Shadows Beneath The Final Empire by Brandon Sanderson

This is the fourth time I’ve read this book. There’s a reason I keep coming back to it. In some ways, it’s a really simple book. But in other ways, it’s super complex. Is it a mystery like I proposed in my last blog post? Some may say that it isn’t. At least not in the traditional “murder mystery” kind of way. But mystery and intrigue is sprinkled throughout the book. And even though I knew all its secrets, I still cried. And if you’ve read it, you know exactly which part(s) made me cry. The cool thing about this latest read of The Final Empire is that this is the first time I’ve read it since becoming a writer. (Disclaimer: there may be some spoilers in this post.)

The first time I read it, I loved it! Loved it as a good book to curl up with and read on an any kind of day that you like to curl up with a book and read kind of book. I may not have realized the complexity of all the pieces in the puzzle that first time through, but I still recognized it as brilliantly written. I think it was the characters that drew me into the story. If the characters are done right, who cares about the rest, right? Well, I take that back. I have read a story where the characters, no half the characters were done right and it kept me reading but I hated the book. So, let me know if you’ve found a book where all the characters were awesome but the story didn’t work for you. As a side note, I think Kelsier was my favorite character the first time through.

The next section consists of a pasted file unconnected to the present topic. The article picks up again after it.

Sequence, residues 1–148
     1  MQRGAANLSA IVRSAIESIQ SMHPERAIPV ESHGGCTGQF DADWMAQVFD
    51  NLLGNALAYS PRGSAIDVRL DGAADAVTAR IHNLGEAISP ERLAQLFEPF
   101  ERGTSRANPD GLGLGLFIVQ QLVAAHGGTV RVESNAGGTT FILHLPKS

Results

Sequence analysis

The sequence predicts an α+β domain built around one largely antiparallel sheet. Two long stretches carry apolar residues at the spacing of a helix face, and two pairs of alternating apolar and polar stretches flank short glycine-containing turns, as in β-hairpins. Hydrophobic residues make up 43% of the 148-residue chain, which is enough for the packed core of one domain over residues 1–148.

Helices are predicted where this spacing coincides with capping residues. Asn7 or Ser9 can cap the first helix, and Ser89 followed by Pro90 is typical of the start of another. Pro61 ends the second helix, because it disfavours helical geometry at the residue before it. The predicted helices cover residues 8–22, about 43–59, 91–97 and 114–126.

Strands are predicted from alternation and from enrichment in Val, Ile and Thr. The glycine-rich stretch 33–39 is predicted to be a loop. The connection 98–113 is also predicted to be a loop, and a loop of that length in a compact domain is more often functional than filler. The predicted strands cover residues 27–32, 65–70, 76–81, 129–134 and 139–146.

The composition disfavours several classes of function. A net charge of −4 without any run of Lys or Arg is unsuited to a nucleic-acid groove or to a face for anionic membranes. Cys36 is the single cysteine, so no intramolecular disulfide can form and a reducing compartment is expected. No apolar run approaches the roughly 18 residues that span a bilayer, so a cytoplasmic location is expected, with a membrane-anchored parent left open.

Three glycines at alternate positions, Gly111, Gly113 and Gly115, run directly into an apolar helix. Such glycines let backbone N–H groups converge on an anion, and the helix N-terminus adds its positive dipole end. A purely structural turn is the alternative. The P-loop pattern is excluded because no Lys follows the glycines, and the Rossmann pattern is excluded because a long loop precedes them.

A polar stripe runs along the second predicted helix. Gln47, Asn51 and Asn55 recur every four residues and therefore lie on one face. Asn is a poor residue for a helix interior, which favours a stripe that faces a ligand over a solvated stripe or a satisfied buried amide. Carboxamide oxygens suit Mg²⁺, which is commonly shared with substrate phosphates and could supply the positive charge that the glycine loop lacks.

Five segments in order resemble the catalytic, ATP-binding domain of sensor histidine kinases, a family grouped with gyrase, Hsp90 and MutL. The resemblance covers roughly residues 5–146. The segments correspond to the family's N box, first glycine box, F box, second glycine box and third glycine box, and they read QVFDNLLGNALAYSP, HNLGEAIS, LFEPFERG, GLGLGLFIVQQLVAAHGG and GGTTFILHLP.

The second time I read it was right after I had finished reading several other Brandon Sanderson books and to be honest, I wasn’t as taken with it as I was the first time. I attribute this feeling about the book to the fact that Sanderson tends to find a formula that works and uses it over and over again. Take for instance, his boy meets girl or girl meets boy scenario. The fact that Vin and Elend would end up together was quite obvious. And for a mystery, I suppose it’s okay to have some things not a mystery. Their relationship was the classic, you annoy me, I annoy you but there’s just something I can’t put my finger on about you and I think I want to know you better until it’s too late, there’s no turning back kind of relationship. Not to mention all the other tropes he uses throughout the book. I know I said the characters were well done, but if you think about several of them, they’re characters that have been done again and again in other works with the only thing unique about them being the cool magic system or the world building they happen to be in. Even Sanderson admits that it wasn’t till after the series was written that he realized he had almost an entirely male cast of characters to accompany his main female character. I remember him saying that if he were to do it over again, he would change that.

The third time worked like a charm. No, seriously, I enjoyed it again and got over the whole romance thing. I vaguely remember being intrigued by all the quotes at the beginnings of the chapters, something I think that can only be appreciated at its fullest when you know the whole of the story. After you already care about the characters, that’s when you can dive into the rich world building and just enjoy all the little nuggets along the way. And if there’s anything you know about Sanderson, it’s that he is one of the leading experts on world building now-a-days. That being said, The Mistborn Trilogy were some of his earlier works and for that reason, I think it’s safe to say that he did a fantastic job even with the few hangups that I’ve read some people have with his writing in the book.